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Artivive Brings Classical Art to Life in Augmented Reality

Codin Popescu and Sergiu Ardelean founded Artivive in 2017 with the idea of using upcoming technology to approach the art world to create and share works. Ardelean has a background in advertising and has always been interested in augmented reality (AR). He realised the massive potential in linking the gap between the real and the mysterious. To put on display his vision for AR, he took over a show at the Albertina, which is a renowned museum in the capital of Austria. However, he did not know that Artivive would soon become partners with the gallery on a permanent exhibit.

The Artivive team dives into the ways people intake content both in formal and informal ways, separating their focus into two – the tech they have developed, and how they should plan to use the technology change the expectations of the people about interacting with art. According to Ardelean, it is less about the technology and more about telling stories and connecting the conventional and digital spaces.

As mentioned on Artivive’s website, the company’s goal is to offer mobile tools and simple tutorials to the artists so that they can build new dimensions of art and link the classic with digital art. Artists get a brand new world of innovation and possibilities and the app and its registration are also completely free.

Both Popescu and Ardelean have worked hard on building relationships within the community of artists and the many hallowed arts-world organisations. By now, Artivive has been involved in over 92 independently-curated worldwide exhibitions, 40 universities and 15 international museums.

When thinking about the future of Artivive, Ardelean imagines his startup as a marketplace for bridging creators and institutions for funding and exhibition. No advertising is added into the app experience, and more focus is put on the opportunities to offer artists the chance to work with the network of other institutions and artists.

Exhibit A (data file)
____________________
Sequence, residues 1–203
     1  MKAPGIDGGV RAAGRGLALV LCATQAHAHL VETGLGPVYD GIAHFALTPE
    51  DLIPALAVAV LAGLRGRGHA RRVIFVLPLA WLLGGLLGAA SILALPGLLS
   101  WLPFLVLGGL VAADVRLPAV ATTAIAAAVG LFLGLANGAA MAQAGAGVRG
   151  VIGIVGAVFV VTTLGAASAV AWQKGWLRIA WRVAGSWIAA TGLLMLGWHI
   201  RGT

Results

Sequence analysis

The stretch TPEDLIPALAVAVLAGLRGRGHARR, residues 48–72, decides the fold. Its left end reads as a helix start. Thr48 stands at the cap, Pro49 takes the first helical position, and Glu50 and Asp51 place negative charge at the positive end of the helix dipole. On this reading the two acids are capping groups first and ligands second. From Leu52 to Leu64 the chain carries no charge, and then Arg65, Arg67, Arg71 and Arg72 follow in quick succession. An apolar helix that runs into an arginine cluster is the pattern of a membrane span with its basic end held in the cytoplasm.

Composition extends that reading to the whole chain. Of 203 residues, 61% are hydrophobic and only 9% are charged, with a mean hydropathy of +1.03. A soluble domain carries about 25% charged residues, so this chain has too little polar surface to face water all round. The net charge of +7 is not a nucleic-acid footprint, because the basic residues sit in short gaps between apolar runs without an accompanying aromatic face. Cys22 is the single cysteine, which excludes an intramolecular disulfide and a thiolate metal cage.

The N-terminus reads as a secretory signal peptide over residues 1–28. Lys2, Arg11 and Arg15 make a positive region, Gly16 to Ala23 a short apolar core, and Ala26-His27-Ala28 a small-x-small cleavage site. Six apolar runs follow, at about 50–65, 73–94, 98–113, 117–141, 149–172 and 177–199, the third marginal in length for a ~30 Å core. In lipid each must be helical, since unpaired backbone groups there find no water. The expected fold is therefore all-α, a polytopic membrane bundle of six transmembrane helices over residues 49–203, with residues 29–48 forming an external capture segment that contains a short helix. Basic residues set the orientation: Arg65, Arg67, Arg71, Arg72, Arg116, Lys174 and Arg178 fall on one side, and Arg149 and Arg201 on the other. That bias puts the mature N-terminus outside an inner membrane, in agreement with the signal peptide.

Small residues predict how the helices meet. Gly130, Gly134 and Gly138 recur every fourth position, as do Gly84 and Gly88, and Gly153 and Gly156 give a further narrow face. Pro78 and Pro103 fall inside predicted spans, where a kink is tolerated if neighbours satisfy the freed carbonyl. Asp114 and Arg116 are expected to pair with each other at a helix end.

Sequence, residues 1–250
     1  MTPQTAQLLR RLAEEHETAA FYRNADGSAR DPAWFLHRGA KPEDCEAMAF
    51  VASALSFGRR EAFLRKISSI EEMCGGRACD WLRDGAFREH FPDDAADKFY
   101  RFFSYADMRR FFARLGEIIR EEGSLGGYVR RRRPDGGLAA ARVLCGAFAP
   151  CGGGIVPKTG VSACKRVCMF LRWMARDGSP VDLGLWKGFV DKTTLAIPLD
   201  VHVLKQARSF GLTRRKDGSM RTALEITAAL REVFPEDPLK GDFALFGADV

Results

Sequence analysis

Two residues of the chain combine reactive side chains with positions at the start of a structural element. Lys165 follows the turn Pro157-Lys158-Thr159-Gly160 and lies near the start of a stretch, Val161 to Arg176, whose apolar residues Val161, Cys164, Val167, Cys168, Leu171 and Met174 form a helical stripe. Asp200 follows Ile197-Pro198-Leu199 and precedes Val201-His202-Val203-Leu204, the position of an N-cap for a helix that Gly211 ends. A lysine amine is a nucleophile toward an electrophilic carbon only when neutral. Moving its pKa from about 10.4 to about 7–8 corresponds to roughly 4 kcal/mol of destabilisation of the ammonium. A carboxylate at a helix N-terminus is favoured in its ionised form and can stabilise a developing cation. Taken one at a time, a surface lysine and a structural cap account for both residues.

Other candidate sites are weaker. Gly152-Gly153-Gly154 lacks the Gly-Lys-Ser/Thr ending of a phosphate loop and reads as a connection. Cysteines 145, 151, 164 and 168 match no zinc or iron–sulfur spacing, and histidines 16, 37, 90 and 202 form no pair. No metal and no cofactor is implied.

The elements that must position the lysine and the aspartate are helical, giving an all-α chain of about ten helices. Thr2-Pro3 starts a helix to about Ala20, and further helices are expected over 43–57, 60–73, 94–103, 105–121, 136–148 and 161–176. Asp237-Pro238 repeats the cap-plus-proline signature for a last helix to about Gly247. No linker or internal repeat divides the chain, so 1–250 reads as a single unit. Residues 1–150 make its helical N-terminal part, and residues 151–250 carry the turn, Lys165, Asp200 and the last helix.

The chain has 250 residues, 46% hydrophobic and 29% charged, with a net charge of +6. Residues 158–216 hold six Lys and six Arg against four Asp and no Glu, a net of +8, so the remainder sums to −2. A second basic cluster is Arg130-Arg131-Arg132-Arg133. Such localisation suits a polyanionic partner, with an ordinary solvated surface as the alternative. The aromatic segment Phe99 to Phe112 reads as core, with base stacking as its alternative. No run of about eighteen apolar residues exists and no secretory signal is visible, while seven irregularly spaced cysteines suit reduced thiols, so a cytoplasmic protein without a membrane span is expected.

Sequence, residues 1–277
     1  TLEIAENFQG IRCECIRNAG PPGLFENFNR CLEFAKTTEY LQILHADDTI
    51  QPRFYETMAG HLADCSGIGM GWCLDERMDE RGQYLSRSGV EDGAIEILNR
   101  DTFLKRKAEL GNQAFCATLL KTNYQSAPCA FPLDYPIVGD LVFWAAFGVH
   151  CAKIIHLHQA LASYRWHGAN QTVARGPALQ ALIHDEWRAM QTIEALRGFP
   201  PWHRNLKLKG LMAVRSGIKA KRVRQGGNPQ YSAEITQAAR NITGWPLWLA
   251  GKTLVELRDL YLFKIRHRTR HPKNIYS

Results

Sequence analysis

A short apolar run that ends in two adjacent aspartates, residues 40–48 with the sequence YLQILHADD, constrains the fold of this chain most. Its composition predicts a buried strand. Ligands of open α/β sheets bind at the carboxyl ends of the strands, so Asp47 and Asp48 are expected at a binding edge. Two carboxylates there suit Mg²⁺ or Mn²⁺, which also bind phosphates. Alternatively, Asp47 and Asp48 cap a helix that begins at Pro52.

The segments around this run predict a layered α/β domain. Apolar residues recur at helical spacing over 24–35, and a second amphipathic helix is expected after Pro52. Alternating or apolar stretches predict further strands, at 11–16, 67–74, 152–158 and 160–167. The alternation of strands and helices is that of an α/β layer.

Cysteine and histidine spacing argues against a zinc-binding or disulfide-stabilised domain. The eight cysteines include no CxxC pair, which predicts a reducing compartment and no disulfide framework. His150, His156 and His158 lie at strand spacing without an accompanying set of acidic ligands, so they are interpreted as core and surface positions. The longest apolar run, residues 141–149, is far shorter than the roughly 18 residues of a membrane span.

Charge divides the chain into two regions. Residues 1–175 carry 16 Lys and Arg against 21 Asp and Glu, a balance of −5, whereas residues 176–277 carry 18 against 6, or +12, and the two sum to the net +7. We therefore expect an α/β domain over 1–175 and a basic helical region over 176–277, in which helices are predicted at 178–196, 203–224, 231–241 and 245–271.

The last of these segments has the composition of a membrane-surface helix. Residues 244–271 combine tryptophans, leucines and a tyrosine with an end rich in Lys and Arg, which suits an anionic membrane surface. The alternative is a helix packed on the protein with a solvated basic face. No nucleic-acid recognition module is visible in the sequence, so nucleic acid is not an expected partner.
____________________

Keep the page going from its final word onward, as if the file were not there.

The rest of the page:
When it comes down to other organisations, Artivive offers a wide variety of ways to use the company hashtag #bringArtToLife. Those who visit the Artivive-enabled exhibitions are encouraged to download the smartphone app.

Art with an extra dimension in AR. Image source: artivive

While an increased number of arts institutions are getting familiar with the abilities of AR, Ardelean knows there is a need for time to assimilate the tech into a place that is conventionally resistant to quick alterations. Since augmented reality is pretty new to most people, they need a push to download the app, understand how it works, experience it and continue to use it, says Ardelean. He adds that Fine art generally has a presumptuous image. They are trying to make it playful and accessible to different types of people so that they can engage with it.

Presently, the app, in partnership with the United Nations, is hosting an open call. This is in commemoration of the UN’s 75th anniversary; one can submit authentic synced animation loops and poster designs, those which are inspired by the mission of the Department of Political and Peacebuilding Affairs.

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